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From the participle stem of Latin praevāricārī (to walk crookedly, to play a false or double part), from prae- + vāricāre (to stand with feet apart, straddle), from vārus (deviating from the right line, bent outwards, different), from Proto-Indo-European *wā- (to bend apart) (the root of various).


  • (UK) IPA(key): /pɹɪˈvaɹɪkeɪt/
  • (US) IPA(key): /pɹɪˈvæɹɪkeɪt/, /pɹɪˈvɛɹɪkeɪt/
  • (file)


prevaricate (third-person singular simple present prevaricates or (archaic) prevaricateth, present participle prevaricating, simple past and past participle prevaricated)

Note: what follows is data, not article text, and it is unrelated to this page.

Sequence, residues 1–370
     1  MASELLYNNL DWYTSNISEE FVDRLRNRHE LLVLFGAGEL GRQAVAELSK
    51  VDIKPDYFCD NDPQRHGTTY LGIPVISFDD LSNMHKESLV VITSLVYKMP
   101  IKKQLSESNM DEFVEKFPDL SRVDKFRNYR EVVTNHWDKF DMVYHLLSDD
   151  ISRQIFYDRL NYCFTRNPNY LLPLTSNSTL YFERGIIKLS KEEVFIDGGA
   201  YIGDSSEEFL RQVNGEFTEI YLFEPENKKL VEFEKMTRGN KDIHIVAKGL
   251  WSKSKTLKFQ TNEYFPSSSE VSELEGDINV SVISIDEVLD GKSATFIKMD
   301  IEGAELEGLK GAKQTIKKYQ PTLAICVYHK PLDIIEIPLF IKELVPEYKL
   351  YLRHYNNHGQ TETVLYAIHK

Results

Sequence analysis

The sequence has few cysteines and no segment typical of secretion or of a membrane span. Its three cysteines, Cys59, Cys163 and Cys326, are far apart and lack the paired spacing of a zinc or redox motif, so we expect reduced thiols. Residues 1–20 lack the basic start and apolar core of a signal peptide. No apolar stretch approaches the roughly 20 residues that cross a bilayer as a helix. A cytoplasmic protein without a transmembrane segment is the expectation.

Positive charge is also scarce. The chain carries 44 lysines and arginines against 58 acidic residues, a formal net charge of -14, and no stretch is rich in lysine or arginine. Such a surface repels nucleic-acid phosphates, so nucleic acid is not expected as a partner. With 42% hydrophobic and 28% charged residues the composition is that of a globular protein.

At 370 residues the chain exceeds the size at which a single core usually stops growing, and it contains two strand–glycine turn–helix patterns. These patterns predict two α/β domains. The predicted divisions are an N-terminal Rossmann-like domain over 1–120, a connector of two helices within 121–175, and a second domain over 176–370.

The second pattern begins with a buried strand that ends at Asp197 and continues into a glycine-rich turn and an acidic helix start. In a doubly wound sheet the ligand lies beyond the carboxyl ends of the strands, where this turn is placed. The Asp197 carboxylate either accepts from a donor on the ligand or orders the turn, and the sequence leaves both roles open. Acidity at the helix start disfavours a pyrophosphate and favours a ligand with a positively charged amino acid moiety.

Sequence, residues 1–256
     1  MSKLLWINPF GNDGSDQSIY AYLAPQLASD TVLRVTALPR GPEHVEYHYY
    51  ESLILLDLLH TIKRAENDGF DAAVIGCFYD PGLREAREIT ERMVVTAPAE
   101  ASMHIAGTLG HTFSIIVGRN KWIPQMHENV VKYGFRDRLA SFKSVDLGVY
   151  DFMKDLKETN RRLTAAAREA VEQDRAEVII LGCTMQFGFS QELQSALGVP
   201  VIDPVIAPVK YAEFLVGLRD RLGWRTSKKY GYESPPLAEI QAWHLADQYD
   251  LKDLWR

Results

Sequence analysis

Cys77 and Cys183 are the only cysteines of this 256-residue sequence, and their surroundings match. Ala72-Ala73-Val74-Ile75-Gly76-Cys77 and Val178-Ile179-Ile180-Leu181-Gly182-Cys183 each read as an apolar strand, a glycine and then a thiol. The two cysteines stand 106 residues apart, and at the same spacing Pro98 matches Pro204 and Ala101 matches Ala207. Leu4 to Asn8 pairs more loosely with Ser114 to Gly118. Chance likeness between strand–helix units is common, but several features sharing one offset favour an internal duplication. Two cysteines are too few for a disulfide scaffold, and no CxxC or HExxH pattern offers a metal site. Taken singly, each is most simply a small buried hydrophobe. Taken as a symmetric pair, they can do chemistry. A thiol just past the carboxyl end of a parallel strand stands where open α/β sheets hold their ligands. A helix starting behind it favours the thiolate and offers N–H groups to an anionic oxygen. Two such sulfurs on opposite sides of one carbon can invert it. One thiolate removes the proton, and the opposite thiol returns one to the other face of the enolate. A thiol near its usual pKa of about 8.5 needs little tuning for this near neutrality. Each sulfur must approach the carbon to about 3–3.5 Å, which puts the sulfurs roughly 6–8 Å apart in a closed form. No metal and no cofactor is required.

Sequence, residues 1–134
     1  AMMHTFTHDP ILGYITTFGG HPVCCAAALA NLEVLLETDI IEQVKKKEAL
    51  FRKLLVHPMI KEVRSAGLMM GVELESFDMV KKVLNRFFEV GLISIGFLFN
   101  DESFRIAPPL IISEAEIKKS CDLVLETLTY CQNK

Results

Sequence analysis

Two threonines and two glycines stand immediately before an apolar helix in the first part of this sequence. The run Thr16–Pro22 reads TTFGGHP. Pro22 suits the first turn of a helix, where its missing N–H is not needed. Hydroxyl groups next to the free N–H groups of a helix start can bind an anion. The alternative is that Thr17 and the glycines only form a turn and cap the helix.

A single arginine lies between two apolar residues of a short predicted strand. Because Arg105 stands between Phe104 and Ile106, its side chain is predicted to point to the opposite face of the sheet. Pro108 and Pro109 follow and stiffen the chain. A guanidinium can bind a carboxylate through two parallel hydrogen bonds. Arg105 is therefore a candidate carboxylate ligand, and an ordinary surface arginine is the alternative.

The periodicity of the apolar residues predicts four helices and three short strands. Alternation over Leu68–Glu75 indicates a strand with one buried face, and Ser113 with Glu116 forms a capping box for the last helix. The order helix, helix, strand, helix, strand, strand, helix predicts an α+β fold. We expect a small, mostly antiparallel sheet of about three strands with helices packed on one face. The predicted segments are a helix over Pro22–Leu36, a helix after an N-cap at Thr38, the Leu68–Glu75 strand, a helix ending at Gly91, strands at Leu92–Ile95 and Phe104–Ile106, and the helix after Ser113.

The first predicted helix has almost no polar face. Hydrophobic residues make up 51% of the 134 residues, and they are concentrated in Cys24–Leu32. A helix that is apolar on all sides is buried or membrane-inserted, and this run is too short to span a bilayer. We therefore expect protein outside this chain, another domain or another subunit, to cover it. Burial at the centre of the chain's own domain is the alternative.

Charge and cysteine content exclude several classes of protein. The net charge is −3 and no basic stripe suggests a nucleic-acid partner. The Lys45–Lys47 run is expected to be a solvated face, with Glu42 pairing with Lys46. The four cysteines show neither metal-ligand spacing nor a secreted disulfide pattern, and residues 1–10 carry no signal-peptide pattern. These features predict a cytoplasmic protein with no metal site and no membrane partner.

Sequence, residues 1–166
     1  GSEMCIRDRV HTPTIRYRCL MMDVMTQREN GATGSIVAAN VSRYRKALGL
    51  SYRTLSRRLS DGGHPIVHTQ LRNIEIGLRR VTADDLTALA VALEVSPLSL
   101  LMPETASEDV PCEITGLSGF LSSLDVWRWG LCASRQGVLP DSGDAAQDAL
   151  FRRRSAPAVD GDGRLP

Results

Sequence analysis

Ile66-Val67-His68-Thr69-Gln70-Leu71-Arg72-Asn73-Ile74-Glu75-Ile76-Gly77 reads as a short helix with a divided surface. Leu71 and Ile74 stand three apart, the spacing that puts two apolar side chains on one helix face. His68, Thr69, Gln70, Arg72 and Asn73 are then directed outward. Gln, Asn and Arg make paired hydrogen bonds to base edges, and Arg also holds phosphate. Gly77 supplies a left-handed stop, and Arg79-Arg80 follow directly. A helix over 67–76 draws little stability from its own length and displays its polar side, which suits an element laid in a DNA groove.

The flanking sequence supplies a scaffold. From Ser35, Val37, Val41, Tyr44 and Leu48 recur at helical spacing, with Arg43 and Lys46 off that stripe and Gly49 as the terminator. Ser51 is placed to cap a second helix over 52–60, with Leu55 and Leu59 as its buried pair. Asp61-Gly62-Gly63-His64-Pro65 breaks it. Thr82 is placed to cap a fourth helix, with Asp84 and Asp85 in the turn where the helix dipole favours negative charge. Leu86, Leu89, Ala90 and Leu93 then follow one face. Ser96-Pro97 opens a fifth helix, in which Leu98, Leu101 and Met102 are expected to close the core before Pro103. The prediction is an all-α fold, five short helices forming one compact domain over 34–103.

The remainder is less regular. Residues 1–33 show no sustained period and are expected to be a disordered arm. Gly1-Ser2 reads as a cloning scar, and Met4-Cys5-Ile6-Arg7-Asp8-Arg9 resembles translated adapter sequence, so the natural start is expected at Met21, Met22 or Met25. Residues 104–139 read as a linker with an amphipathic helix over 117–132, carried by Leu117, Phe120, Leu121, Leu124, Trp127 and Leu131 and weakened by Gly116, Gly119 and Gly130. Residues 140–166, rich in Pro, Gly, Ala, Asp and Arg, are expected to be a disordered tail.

1. (transitive, intransitive, obsolete) To deviate, transgress; to go astray (from).
  2. (intransitive) To shift or turn from direct speech or behaviour; to evade the truth; to waffle or be (intentionally) ambiguous.
    The people saw the politician prevaricate every day.
  3. (intransitive, law) To collude, as where an informer colludes with the defendant, and makes a sham prosecution.
  4. (law, Britain) To undertake something falsely and deceitfully, with the purpose of defeating or destroying it.

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